The Carrot and the Stick
All of these fatigued and serious faces showed no evidence of despair…they made their way with the resigned expression of those who are condemned to hope forever.
–Charles Baudelaire, To Each His Own Chimera
Human beings are, necessarily, actors who…can be divided…into the sane who know they are acting and the mad who do not.
What made my dreams so hollow?
—Tom Waits, The Train Song
You will not be cured. Live long enough and the realization can no longer be deferred. The expectation you’ve sustained–that has in return sustained you–that over time, with work and luck, you will make yourself whole, is a fraud. A necessary fraud, but a fraud nonetheless. It is not possible. You cannot “find” yourself, as the widely ridiculed cliché would have it–we ridicule it only because it’s naïve to speak of it, not because we aren’t each guilty of the conceit–because your self is not out there to be found. A thing can’t be both seeker and sought. The eye cannot turn upon itself. And the conscious self reduces down entirely to point of view.
But we can’t help trying. Each of us, to the extent we’re not simply waiting out mortality eating, shitting, acquiring, procreating–to the extent we’re human–is a philosopher. We want to know, and the only real object of inquiry left is the conscious self. It’s the last mystery. Everything else is biology, physics, evolution. Technical issues.
The only thing setting us apart from the apes–those living, breathing mockeries of the noble idea of man-in-God’s-image–is our ability and need to form this question. So, if the self is one’s unique identity, and everything else is animal function, then the searching for the self, absurd and impossible, is the only self there is. The physical world, while infinitely vast, is infinitely explainable. Scientific questions will always arise, but so will their answers. We can assume every one of them has a solution, whether we’ve found it yet or not. There is only one question that has no answer: Why? In the first place, why?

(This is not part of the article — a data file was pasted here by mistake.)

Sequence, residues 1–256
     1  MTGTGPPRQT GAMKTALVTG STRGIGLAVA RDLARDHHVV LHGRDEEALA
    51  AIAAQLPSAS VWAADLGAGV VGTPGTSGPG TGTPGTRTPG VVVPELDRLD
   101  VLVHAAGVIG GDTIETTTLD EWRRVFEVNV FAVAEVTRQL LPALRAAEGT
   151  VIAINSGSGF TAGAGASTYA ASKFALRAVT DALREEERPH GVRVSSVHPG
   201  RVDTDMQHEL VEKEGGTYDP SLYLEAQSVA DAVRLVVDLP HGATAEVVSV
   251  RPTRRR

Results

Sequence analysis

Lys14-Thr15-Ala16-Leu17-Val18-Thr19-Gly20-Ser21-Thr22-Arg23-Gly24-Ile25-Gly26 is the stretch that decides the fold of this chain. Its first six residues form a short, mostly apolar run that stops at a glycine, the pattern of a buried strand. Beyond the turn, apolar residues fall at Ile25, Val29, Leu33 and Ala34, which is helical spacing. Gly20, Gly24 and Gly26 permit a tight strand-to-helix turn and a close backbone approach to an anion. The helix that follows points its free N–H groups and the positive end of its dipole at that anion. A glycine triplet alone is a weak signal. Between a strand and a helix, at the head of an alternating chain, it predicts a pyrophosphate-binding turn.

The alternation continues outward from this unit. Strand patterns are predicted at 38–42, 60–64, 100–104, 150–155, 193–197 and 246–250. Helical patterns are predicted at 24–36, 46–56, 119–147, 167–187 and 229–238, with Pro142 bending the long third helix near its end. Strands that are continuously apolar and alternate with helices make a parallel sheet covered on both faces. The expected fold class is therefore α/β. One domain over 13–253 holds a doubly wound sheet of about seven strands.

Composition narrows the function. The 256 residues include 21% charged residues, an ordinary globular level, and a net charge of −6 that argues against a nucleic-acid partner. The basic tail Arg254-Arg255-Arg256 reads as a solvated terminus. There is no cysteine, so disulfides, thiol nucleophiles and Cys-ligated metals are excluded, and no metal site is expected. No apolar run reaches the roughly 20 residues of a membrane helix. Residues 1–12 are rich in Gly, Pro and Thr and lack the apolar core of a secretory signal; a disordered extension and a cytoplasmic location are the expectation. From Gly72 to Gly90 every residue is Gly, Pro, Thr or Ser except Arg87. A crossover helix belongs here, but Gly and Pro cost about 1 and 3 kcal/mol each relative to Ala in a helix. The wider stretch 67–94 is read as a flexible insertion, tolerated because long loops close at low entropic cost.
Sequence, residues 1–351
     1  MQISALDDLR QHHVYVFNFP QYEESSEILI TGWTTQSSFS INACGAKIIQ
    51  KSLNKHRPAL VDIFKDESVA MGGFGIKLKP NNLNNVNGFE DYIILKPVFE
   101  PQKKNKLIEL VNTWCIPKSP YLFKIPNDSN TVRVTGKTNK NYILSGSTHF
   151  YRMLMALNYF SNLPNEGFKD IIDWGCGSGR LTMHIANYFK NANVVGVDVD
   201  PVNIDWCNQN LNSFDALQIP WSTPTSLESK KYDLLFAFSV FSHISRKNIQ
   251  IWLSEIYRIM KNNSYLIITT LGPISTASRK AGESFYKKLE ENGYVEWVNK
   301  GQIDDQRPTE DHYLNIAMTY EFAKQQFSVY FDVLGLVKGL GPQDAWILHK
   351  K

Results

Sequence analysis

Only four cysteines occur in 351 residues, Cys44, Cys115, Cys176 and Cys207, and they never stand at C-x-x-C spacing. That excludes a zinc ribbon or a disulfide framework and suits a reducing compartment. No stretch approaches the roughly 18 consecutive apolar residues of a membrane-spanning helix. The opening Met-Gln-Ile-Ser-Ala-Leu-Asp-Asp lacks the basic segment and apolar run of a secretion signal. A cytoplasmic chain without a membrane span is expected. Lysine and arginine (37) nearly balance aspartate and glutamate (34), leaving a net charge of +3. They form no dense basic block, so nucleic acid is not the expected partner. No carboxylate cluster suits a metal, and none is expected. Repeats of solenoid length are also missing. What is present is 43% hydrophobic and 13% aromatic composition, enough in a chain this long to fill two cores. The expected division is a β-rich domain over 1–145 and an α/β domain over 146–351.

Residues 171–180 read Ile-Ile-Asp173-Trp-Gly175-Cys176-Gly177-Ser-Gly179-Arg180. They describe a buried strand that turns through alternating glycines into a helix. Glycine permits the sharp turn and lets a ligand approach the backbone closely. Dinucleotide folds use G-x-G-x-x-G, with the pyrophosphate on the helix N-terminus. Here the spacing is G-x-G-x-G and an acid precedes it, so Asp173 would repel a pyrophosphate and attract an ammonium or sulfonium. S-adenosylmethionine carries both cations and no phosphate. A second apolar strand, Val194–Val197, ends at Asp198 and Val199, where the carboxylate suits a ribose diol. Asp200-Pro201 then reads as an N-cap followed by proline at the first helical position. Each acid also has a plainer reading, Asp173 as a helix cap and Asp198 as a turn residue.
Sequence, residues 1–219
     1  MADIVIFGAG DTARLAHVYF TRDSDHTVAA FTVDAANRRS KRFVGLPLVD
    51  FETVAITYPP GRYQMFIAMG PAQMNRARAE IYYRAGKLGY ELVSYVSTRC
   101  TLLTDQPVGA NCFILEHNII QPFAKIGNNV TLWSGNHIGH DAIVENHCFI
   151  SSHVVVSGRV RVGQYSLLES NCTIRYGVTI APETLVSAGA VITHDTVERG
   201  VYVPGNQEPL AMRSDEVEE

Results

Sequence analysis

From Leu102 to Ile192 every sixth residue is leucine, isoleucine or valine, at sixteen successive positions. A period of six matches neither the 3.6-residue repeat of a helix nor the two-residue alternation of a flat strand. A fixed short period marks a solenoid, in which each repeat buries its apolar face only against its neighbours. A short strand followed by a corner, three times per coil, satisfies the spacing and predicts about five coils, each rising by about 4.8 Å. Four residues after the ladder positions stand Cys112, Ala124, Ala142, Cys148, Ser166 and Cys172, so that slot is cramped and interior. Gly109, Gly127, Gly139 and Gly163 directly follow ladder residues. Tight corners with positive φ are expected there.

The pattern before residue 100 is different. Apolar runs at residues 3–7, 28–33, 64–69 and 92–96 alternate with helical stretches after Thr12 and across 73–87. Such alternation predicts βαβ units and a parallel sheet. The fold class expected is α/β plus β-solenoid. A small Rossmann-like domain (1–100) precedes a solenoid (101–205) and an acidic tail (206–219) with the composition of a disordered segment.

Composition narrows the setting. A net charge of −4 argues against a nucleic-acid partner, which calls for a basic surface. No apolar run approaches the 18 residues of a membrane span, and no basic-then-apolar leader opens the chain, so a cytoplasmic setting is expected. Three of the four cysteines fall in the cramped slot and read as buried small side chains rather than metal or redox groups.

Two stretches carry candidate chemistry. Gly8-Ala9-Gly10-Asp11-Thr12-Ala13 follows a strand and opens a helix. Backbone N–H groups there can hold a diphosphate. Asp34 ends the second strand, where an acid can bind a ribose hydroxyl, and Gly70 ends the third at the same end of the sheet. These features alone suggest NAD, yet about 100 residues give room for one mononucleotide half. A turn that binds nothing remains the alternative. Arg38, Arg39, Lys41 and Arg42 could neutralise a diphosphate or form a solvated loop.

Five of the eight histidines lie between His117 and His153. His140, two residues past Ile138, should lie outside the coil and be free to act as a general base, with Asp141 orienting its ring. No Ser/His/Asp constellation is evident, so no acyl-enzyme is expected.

Man has gone in search of God and he has found the void. The void will not hear our appeals, will neither love nor judge us, will not put things to rights; it is indifference itself. This pathetic lament is the last argument in favor of the existence of God; but I will not be led by an appeal to consequences–no matter how unthinkable the consequences. I will have the consequences, thank you; you can have the appeal. Take your fairy tale, if it sustains you. But take it somewhere else. I retain my sympathy, even some respect, for the religious. But I’m all out of patience for them.
Should I speak only for myself? Okay then. I will not be made whole; I will die as I was born: unfinished, incomplete, ill-adapted and ignorant. I’m okay with this; whatever the case, there’s nothing else for it, and I’m in no hurry to prove this thesis. And anyway, I could be wrong. Now don’t run off; humor me a bit longer. You’ve got nowhere to go, and besides, none of this is what I came to say. My concerns are of the petty, selfish variety–the only honest kind, in other words.
I’ve always been afraid of two things: beginnings and endings. I’m afraid to “take the leap” into new endeavor; I will stay for years in the same physical or metaphorical place purely out of inertia–often in tormented awareness of the fact. But I fear more finishes and finality–at least some part manifestation of my fear of death. I once took a job selling–or trying to sell–cars. I was thoroughly incapable. I couldn’t “close”. Second only to closing in my dread was opening the sale. Introducing myself. This holds mostly constant for me. The only thing I can bear, the only thing that feels natural to me, is the stringing along of a thing.
I want to fiddle in the middle. Better still to go back periodically, not to the beginning, but to some earlier point. Even as a young boy I recall wanting to go back in time, to correct mistakes, to retrieve something irretrievable–never anything specific. I’ve just always been haunted by the vague suspicion I’ve screwed up. I don’t defend this. I know it’s untenable; I have paid dearly for it. Still, I despise you for not understanding. I despise your practicality. I despise your literal-mindedness, your impatience with all this, your perfectly logical and correct arguments. To hell with your careers, to hell with your ambition, to hell with your concern! To hell with you, closers, and this world of yours!